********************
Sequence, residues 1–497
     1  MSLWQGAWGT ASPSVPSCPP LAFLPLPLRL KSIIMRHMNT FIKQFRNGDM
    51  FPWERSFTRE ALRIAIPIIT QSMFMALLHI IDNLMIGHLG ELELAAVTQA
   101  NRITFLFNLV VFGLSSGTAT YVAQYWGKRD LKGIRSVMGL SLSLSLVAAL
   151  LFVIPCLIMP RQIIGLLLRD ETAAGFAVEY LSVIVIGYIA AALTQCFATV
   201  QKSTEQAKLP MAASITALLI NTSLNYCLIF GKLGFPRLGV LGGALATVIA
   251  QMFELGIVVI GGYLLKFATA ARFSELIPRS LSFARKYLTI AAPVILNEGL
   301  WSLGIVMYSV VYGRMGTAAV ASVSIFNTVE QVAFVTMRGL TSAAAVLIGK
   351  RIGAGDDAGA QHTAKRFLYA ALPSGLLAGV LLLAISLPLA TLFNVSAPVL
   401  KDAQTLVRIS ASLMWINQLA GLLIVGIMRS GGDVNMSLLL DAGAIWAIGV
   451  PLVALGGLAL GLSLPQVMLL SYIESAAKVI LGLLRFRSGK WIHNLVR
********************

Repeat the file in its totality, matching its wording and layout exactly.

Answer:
Sequence, residues 1–497
     1  MSLWQGAWGT ASPSVPSCPP LAFLPLPLRL KSIIMRHMNT FIKQFRNGDM
    51  FPWERSFTRE ALRIAIPIIT QSMFMALLHI IDNLMIGHLG ELELAAVTQA
   101  NRITFLFNLV VFGLSSGTAT YVAQYWGKRD LKGIRSVMGL SLSLSLVAAL
   151  LFVIPCLIMP RQIIGLLLRD ETAAGFAVEY LSVIVIGYIA AALTQCFATV
   201  QKSTEQAKLP MAASITALLI NTSLNYCLIF GKLGFPRLGV LGGALATVIA
   251  QMFELGIVVI GGYLLKFATA ARFSELIPRS LSFARKYLTI AAPVILNEGL
   301  WSLGIVMYSV VYGRMGTAAV ASVSIFNTVE QVAFVTMRGL TSAAAVLIGK
   351  RIGAGDDAGA QHTAKRFLYA ALPSGLLAGV LLLAISLPLA TLFNVSAPVL
   401  KDAQTLVRIS ASLMWINQLA GLLIVGIMRS GGDVNMSLLL DAGAIWAIGV
   451  PLVALGGLAL GLSLPQVMLL SYIESAAKVI LGLLRFRSGK WIHNLVR